Sony Ericsson Xperia Arc has got to be one of the most beautifuly designed Android handsets I’ve tested so far. It’s not only the fact that it’s got a thin chassis, but also a great camera and a great feel in the hand of the user.


Te device comes with a 4.2 inch display with a 480 x 854 pixel resolution and an impressive 233 ppi pixel density. The handset measures a me 8.7mm that made it a record breaker when it was launched, soon to be surpassed by the thinner Galaxy S II. The handset weighs 117 grams and comes with 320MB of storage, 512MB of RAM, both deal breakers, if it weren’t for the microSD card slot and 8GB included card slot. However, the RAM problem remains…

As far as connectivity goes, we have everything here: HSDPA, WiFi, DLNA, Bluetooth 2.1 and microUSB 2.0. The brain of the smartphone is a 1GHz Scorpion CPU with Adreno 205 GPU that handles games pretty well, I have to admit. As usual with 2011 Xperias, the Gingerbread experience is customized with Sony Ericsson’s trademark icons, widgets, backgrounds and the TimeScape and MediaScape features. The first gathers all the texts, calls, Facebook status changes and tweets in a single and fluid vertical column of information.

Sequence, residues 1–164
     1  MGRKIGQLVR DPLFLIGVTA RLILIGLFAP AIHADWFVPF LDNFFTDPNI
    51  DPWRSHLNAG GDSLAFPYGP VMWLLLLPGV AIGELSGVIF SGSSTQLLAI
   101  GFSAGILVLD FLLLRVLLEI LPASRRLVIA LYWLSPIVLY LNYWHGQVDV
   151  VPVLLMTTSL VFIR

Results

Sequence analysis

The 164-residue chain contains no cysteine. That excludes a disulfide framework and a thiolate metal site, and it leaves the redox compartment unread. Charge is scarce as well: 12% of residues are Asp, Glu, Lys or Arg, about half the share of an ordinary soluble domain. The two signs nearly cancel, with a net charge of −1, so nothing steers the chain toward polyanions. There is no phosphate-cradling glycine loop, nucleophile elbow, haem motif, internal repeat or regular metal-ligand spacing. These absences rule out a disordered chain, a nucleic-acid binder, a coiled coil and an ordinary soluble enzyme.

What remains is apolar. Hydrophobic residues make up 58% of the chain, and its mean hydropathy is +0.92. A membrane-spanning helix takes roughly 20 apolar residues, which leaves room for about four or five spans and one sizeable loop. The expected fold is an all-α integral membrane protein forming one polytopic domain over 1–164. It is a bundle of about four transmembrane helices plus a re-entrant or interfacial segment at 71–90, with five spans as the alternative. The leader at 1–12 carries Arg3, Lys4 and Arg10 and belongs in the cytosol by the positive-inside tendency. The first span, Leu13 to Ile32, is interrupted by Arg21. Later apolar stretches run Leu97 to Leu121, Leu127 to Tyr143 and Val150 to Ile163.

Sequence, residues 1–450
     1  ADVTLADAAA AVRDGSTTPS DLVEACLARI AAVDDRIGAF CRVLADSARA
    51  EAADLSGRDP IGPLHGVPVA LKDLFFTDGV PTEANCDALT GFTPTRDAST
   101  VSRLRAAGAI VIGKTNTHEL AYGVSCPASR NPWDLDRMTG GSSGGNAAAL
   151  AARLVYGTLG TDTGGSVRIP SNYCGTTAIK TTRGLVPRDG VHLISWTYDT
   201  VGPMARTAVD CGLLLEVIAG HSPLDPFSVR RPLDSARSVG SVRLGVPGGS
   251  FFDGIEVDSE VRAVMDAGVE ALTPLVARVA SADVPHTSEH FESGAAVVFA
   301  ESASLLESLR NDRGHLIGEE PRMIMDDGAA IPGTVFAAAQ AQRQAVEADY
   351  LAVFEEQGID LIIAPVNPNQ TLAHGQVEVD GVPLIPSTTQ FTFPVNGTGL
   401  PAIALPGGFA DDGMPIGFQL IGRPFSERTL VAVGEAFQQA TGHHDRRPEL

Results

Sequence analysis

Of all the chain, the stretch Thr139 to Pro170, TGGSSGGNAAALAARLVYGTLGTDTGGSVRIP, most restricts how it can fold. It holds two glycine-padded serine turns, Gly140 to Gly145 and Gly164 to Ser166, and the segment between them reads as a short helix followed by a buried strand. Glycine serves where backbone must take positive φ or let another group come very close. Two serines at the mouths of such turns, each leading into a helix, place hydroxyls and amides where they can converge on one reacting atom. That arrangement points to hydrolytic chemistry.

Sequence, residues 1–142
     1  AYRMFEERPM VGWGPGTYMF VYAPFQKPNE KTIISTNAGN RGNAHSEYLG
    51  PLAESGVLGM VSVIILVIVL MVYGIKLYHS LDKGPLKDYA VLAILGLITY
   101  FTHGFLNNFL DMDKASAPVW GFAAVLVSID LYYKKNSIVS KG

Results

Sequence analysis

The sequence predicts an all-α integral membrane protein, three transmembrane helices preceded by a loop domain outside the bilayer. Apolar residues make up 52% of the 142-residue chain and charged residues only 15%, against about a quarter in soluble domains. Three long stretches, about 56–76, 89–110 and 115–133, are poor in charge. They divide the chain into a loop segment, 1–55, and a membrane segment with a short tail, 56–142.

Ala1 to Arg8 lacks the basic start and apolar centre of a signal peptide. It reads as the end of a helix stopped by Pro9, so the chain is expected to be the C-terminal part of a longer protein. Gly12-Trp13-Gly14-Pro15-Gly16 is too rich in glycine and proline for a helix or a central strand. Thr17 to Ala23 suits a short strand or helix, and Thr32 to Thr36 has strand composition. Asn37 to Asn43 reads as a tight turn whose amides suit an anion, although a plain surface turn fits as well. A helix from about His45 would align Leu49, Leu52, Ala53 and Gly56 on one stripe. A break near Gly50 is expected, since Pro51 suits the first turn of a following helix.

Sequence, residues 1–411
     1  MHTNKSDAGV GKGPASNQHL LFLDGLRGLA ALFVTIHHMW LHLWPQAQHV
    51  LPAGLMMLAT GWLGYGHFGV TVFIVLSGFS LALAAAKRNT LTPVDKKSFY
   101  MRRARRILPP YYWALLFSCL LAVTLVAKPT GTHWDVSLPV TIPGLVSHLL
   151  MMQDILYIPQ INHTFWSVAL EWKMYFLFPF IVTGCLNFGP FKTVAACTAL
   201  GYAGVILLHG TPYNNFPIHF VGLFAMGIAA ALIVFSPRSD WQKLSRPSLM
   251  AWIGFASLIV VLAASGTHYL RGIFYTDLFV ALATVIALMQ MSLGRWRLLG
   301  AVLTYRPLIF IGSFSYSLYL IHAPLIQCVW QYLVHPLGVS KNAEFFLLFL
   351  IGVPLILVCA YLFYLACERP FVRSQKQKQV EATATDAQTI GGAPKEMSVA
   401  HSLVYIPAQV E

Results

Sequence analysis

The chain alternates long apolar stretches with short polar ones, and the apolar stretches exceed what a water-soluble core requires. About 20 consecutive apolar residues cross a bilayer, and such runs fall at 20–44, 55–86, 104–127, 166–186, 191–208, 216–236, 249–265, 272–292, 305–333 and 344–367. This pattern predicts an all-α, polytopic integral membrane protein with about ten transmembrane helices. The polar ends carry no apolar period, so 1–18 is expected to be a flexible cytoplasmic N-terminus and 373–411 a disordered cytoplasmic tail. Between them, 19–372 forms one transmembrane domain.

Mediascape pulls off the same column thingy, but applies to the pictures taken with the handset or those stored on it. Moving on to the hottest aspect of this handset, the 8 megapixel camera it sports, this one is a truly impressive shooter. Supporting autofocus and packing in a LED flash, touch focus, image stabilization, geotagging, smile detection and 720p 30 fps capture, this is most likely the perfect camera for an Android phone. Only Galaxy S II can be considered a worthy rival to it, or even a superior model.

The speed of the photo taking process and the way they are inserted right away in the image column on the right is stunning. There are also a lot of tweaks to perform before taking a pic, so the results you will get will be really impressive. The 720p videos look great and the pictures aren’t half bad either. As far as power goes, you get to use a Li-Po 1500 mAh battery, providing up to 430 hours of 2G standby and 7 hours of 2G talks.

Reasons to love the device there are plenty, from the slim waistline, to the lovely curved design and the powerful camera. In the end, you’re certainly getting what you pay for, but there’s also a slight defect here: the lag that’s found in all the menus , especially when scrolling. If you really want this model, maybe you should try its upgraded version, the Xperia Arc S and see if that got rid of the lag.

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